The pandemic has changed higher education significantly, accelerating many trends related to digitalisation. Moscow City University conducted a study and Kirill Barannikov, vice-rector for development of MSU, candidate of pedagogical sciences, named five main trends and higher education will no longer be the same.
While the pandemic was raging, learning in schools and universities had to shift to a distance learning format. Around 1 billion students from all over the world began learning through Zoom, Microsoft Teams and other platforms. In Russia, universities switched to distance learning, then to a hybrid format. Whereas in 2015 only 5% of students were taking courses online, in 2020 there were 49%.
Hybrid learning has become commonplace by 2021. According to the survey conducted by Moscow City University, today 70% of university lectors believe that blended learning will become the norm (before the pandemic, 22% thought so). At the same time, 25% of students are ready to study fully online, and among professors only 37% disapprove of distance learning (up from 47% a year ago).
In the world of education, there are already universities that work entirely in a distance format: for example, Minerva online university, which beat Ivy League universities in a popularity rating. There are no lectures at the university; the main format is the “flipped classroom”, where students learn the material on their own and then discuss it with professors and make projects.
Developing digital ecosystems
What does blended learning format look like in Russia when the pandemic has almost receded? Auditorium classes are becoming fewer, online events more numerous. Digital university platforms are developing, which allow the student to listen to online classes, create personal student and teacher accounts, communicate with each other and do joint projects, download timetables and homework, find information in the digital library and add a portfolio. Moreover, it allows students to be assessed using Big Data, considering the totality of their work, and thus exclude the exam format from some subjects.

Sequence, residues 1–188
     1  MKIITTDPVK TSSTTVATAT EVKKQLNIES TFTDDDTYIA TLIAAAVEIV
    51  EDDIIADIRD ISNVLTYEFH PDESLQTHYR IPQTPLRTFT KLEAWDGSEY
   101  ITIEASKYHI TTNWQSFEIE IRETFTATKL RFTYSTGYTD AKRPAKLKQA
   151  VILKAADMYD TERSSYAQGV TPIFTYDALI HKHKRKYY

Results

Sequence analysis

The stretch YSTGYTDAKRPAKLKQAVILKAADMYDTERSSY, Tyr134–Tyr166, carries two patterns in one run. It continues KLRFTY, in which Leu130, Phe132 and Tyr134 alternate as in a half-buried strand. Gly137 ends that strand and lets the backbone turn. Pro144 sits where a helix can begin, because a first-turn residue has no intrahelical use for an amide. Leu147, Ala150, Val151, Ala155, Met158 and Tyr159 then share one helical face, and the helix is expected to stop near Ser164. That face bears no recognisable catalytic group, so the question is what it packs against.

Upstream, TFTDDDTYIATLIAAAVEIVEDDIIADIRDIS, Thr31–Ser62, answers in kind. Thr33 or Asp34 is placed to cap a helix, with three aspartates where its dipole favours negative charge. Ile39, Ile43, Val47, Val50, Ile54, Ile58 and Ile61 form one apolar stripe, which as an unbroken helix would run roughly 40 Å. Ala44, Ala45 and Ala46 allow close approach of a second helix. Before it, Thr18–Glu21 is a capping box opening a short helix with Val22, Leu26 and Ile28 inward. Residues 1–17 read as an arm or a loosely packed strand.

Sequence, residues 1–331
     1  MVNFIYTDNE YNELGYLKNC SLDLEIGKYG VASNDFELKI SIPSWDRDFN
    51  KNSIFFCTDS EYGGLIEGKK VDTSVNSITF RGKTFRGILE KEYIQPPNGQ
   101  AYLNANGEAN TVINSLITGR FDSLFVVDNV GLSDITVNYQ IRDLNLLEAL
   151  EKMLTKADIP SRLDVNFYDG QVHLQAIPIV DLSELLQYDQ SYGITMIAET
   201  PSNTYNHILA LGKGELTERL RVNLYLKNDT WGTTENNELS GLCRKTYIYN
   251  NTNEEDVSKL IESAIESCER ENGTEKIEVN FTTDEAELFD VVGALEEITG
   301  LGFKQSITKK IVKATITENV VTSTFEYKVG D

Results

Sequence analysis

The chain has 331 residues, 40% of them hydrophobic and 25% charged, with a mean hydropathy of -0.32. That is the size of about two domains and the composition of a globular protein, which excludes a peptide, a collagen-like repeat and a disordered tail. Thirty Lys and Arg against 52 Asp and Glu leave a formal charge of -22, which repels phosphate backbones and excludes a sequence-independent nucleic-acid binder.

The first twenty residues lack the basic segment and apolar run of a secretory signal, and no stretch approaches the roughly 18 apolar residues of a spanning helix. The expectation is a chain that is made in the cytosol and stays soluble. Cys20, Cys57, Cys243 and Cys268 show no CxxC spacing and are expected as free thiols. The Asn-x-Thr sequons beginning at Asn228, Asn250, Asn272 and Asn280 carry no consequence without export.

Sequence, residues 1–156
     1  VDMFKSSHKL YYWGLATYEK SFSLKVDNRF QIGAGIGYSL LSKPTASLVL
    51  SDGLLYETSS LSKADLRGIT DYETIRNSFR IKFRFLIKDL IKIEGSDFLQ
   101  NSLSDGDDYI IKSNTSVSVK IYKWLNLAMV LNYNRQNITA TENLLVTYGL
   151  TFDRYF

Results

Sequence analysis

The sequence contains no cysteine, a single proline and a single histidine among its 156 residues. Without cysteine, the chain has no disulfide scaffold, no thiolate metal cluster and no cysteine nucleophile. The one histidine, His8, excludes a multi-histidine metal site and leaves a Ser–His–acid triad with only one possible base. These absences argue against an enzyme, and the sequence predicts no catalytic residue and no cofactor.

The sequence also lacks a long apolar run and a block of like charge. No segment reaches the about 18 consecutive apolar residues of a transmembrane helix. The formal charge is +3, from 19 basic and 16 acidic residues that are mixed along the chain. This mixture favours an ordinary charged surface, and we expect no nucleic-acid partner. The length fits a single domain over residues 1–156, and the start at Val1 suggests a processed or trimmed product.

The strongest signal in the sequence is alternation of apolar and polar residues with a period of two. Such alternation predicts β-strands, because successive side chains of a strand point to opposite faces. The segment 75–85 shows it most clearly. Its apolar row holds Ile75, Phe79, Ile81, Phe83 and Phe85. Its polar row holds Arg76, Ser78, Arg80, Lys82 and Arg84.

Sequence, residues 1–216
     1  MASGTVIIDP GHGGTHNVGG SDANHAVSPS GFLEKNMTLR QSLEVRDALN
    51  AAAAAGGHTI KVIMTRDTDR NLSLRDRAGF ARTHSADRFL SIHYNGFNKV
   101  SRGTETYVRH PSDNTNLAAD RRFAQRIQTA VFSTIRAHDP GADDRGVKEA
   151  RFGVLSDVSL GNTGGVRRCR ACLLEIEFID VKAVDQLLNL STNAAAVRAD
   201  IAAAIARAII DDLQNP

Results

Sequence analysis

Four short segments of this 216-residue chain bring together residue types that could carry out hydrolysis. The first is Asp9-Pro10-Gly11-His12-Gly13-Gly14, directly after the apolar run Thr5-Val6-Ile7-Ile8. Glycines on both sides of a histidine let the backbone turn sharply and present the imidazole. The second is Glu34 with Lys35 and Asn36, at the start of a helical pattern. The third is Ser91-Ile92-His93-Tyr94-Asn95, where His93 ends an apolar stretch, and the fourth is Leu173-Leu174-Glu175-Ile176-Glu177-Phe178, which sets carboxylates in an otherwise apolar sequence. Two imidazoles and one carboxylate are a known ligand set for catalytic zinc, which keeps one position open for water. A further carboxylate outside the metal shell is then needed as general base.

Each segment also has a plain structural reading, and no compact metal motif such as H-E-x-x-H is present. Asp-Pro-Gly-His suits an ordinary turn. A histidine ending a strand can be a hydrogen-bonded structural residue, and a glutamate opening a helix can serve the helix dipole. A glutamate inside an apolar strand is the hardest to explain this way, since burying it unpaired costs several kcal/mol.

Today, various leading Russian universities have such platforms: some use standard learning process management platforms, while others develop their own solutions. For example, Moscow City University has created a service for intellectual analysis and prediction of student results, while Kazan Federal University has created a digital system for studying factors of student academic success.
Many universities have also started to create their own course files. M?U has launched a website with open online education courses OK.MGPU, which helps to make the transition to interactive, adaptive digital content.
Education that meets everyone’s needs
Another important trend in higher education is the focus on students and their real needs. More and more universities are giving students the opportunity to shape their own curriculum and thus design their own educational path. The student becomes not an object, but a subject of the educational process. He shapes learning as if the student is building a house out of the blocks of subjects he needs, modelling his own programme.
Universal courses are emerging for all students regardless of their field of study: ITMO, for example, has developed a system of university-wide courses in digital competencies and soft skills. Tomsk State University has already set up a special tutoring service to help students build individual educational trajectories.